The Whirlwind World of On-Line E-Love

Asgore had a new telephone now. At least, he had been told it was sort of a phone, by the tiny human at the shop Papyrus and Undyne had taken him to. It was a thin, rectangular box of metal and plastic and, he had to assume, magic. And it was much bigger than the guardsmens’ phones, which was apparently because it was a “tablet.” Undyne had picked it out for him—“No way you could do anything on a regular-sized one with those big meaty hands!”

The tablet had sat untouched on his new desk in his new home for nearly a month now. There were still so many things to be done. Who would have thought migrating an entire kingdom would take up so much time? Occasionally he would pick it up at night, trying to figure out how to make it play those cute videos of cats Dr. Alphys had once shown him, but he was always too tired to make much progress. Maybe he was just too old. It seemed likely.

Eventually the tablet was put into a drawer and forgotten about. It might have stayed there forever if not for the fact that it began ringing and buzzing in a slightly terrifying way a few months later, on a chilly Sunday in May, at exactly six in the morning. One nearly-dropped mug of coffee and a few minutes’ frantic scrambling to figure out what the noise was later, he fished the tablet out of the drawer and pressed the big green “ANSWER” button on the screen.

For a few seconds he stared at it, suddenly unsure of how it was meant to work. He was spared having to experiment when the phone screeched out, “GOOD MORNING, YOUR HIGHNESS!”

Oh. “Ah … h, hello, there—”



Asgore counted three seconds of silence before the speaker crackled again. “Yes! Yes, it is! Good morning! How is your coffee today, my liege?”

Asgore’s gaze slid to the mug he’d left sitting on his bedside table and he stared at it longingly for a moment. “It’s out of reach, I’m afraid. Oh … oh, but I can probably pick up the phone-thing and move it, can’t I?”

“You are the king, your kingliness! The phone has no power over you!” Beat. “It is the phone you are speaking to me on, yes?”

“I have told you that you can call me Asgore,” Asgore said, trundling over to his coffee. “And yes, it—”

“EXCELLENT! I broke into your house last night to make sure it had a charge! My brilliant foresight astounds even me! I needed to call you, to tell you that I am coming over, because I have thought of something amazing! I am hanging up now!”

Before Asgore could get a word in edgewise, the line went dead, and there was a earsplitting crash from the kitchen.

“I think I liked it better when you came down the chimney instead, Papyrus,” said Asgore, shaking the dustpan into an empty cardboard box and closing it up. “It’s rather tiresome to clean up broken glass.”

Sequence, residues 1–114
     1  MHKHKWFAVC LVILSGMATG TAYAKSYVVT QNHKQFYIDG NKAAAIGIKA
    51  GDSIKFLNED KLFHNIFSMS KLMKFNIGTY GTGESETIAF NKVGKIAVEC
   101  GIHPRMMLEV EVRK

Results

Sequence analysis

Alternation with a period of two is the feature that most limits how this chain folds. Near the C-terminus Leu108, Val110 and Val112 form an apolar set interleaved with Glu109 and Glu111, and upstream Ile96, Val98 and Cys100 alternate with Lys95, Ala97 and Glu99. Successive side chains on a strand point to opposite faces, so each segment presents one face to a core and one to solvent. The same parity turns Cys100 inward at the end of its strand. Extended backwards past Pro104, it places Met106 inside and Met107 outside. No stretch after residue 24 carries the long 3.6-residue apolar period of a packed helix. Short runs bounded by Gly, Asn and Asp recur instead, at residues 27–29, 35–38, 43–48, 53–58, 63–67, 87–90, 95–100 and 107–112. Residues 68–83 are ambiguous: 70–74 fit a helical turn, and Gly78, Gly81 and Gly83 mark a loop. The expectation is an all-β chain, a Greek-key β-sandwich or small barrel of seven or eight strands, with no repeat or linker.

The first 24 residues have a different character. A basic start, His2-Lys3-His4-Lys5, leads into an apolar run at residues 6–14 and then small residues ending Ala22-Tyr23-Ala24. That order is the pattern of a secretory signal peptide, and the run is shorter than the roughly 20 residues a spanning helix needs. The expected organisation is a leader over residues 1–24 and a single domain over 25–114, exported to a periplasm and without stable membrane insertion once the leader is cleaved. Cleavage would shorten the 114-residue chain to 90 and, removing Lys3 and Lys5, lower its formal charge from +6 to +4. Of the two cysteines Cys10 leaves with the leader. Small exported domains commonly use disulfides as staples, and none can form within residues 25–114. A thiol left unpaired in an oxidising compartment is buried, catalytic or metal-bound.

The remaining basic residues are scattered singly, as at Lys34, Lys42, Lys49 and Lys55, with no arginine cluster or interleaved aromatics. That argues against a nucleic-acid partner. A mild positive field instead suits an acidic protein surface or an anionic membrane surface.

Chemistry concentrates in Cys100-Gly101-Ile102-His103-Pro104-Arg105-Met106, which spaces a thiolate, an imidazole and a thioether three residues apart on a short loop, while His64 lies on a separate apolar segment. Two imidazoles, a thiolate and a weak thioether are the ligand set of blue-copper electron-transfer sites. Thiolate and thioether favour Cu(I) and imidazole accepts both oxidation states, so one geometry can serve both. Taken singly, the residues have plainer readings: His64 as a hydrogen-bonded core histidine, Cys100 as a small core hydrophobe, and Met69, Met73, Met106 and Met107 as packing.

Papyrus had been waiting in the bright, airy kitchen for him, as promised, brushing glass shards off himself before immediately going and tending to the sinkful of dirty dishes Asgore had been neglecting. Asgore was still getting used to not having an entire staff of people waiting on him, even if it had been his decision to try and become more self-reliant. And it was nice of Papyrus to try and help, even if his idea of “doing the dishes” was usually dubious at best. At least this time he wasn’t trying to fit them down the garbage disposal.

The glass was picked up, and the dishes vanished from the sink, to … somewhere. Now Papyrus beamed at him from where he was sitting bolt upright on one of the bar stools. Today he was wearing a dress that was at least two sizes too small, and he kept fidgeting with the brim of an impossibly large top hat perched on his head. “Agreed! That’s why I don’t have any glass in my windows. Undyne and Dr. Alphys have followed my example!”

“I see.”

“Say, speaking of them! What do you think of my outfit? Alphys loaned it to me!”

“It’s very ‘you,’” Asgore chuckled, putting the broom and dustpan back into the cupboard as Papyrus hooted in triumph. “Now. What was this amazing idea of yours?”

He turned in time to see Papyrus punch his fist, and tried not to flinch at the unpleasant sound of bone knocking against bone. “My idea! My amazing idea. It is very amazing. Has your kinglitudeness ever heard of—”

Papyrus paused, then beckoned Asgore close. When he drew near, bony phalanxes were cupped at his ear, and Papyrus said in a dramatic stage whisper: “Have you ever heard of dating?”

“… I used to be married, my friend.” Papyrus looked at him blankly. “Yes. Yes, I have.”

“Oh, good,” Papyrus said with obvious relief. “Because they were all out of copies of the Official Dating Rulebook at the library, and I think you are too old for Frisk to explain.”


“ANYWAY!” Papyrus clapped his hands together, kicking his feet out gleefully. “You have heard of dating! That was the most important part of the plan! It is, in fact, six of the seven letters of the plan!”

…Ah. “And … what is the seventh letter?”



“What? No! I do not know what ‘dating-ee’ is. The ‘E’ stands for ‘E’! As in … E-DATING! It is the hip thing that all of the very cool and attractive people are doing!” He gave Asgore an exaggerated wink, which was one of those impressive things he’d never quite understood how either of the skeletons accomplished. “I, Papyrus, will introduce you to the whirlwind world of on-line e-love!”

Asgore blinked down at his guardsman’s grin, blisteringly bright, and then at the clock. It was six-fifteen AM.

He was going to need a stronger mug of coffee for this.